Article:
Last winter, Chad Rolandson was driving back from his cabin in Brainerd with his brother-in-law when an idea popped into his head.
"We were listening to Jason Bahr, who is the coach of the Brainerd fishing team," Rolandson said. "I just thought, 'How cool would that be?'"
Rolandson now knows exactly how "cool" it is, because he's the coach of the Byron Bears Fishing Team. Just months after the team's inception, it boasts some impressive numbers, thanks in large part to Rolandson's astute use of Facebook, Twitter and Instagram to announce and promote the team.
"We have 45 kids, and we are one of the few teams in the state that goes from grades one through 12," he said. "We have a junior team that's grades 1-6, and the kids in grades 7-12 can be part of the Student Angler Tournament Trail."
That "trail" is basically the state's high school bass fishing league, and 10 members of the Byron team have traveled north to fish in one-day bass tournaments that include up to 200 boats and 400 youth anglers.
The Byron team hasn't brought home any hardware yet, but Rolandson said the team has represented southeastern Minnesota quite nicely.
"I think we've fared pretty well, given that we're a new team and really, we're still learning," Rolandson said. "We've had at least one boat in every tournament, and we've always been in the top 100. One of our boats finished 21st, which is our best finish. What our kids are realizing is that the kids who are in the top 20, they're on the lake a lot and their boat captains are very knowledgeable and find fish."
Indeed, the "boat captains" play a huge role in a fishing team's success. Each two-angler youth team is accompanied by an adult — often a parent or other relative — who drives the boat. The adults don't fish, but their knowledge and ability to read the water and use electronics is invaluable, especially when the tournament is several hundred miles from Byron.
"We're in southeastern Minnesota, and these huge lakes up north aren't ones we're accustomed to fishing," Rolandson said. "Some of the metro schools or the Brainerd kids have been fishing these lakes their whole life."
CATCH, CLICK, RELEASE
The format of the tournaments is fairly straightforward. Anglers are encouraged to "pre-fish" the lake before the tournament day, and the night before there's a meeting to go over rules and procedures.
The next morning, anglers can get out early to find their spots, but no lines can be in the water until 7 a.m. Once the tournament begins, fish over one pound are weighed on digital scales, and a photo is taken of the fish on the scale. Teams can count up to seven bass, and all fish are released.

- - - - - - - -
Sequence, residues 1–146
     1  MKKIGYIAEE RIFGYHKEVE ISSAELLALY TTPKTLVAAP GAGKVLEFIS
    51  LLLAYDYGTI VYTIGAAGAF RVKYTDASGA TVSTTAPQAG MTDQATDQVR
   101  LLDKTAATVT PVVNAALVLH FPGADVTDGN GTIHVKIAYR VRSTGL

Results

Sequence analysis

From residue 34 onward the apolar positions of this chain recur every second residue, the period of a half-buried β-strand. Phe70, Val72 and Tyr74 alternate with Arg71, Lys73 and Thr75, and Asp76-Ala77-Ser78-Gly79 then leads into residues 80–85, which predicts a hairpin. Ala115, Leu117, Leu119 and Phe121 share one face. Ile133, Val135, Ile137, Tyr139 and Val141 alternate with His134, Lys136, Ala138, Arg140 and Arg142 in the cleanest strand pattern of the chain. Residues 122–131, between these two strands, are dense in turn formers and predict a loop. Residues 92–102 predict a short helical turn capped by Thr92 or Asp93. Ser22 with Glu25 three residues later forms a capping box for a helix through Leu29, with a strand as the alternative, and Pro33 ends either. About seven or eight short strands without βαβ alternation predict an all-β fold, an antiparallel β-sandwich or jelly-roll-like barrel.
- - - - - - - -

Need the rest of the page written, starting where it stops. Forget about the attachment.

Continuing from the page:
"Ultimately, the tournaments rely heavily on the honor system," Rolandson said.
Dylan Rolandson, Chad's 15-year-old son, has fished in two SATT events this summer, and he's even more hooked on fishing now than he was before.
"When I first started, I imagined it would be really nerve-wracking, but it wasn't as bad as I expected," he said. "It was really a lot of fun, and it wasn't as competitive as you might think, because the bodies of water are so large that you probably won't see anybody you know on tournament day. It's very laid-back, and you just kind of do your own thing."
When Dylan is doing "his own thing," he's likely to be tossing a bright-yellow spinnerbait. "That jig on one side and the shiny spinner on the other, that really attracts fish," he said.
CLOSER TO HOME
This year's SATT events have been at Gull Lake, Lake Minnetonka, Leech Lake, Mille Lacs and Lake Le Homme Dieu near Alexendria. There is just one regular season tournament left before the two championship events at Lake Vermillion and Lake Pokegama -- but the regular-season finale will offer the Byron kids a much shorter road trip and a home-water advantage.
All those young "Up North" anglers will come south on Sunday to fish Pool 4 of the Mississippi River.
Dylan is counting on his neighbor Joe Schimek, who is his boat captain, to put him and his partner, Logan Magnuson, onto some largemouth and smallmouth bass.
"I have not fished Pool 4 myself, but Joe knows a lot about the river, so that's going to be really helpful," Dylan said. "We're going to go over the day before to look for spots."
As is the case in professional bass tournaments, the outcome can hinge on being the first boat to reach prime waters. Chad Rolandson said that sometimes, the faster boat wins.
"One of our boats was on Lake Le Homme Dieu a couple weeks ago, and there was one last spot they wanted to try," he said. "As they were trolling over to it, another boat goes flying in front of them and gets to that spot first. They saw the kids in that boat register four fish. That's just how it goes sometimes."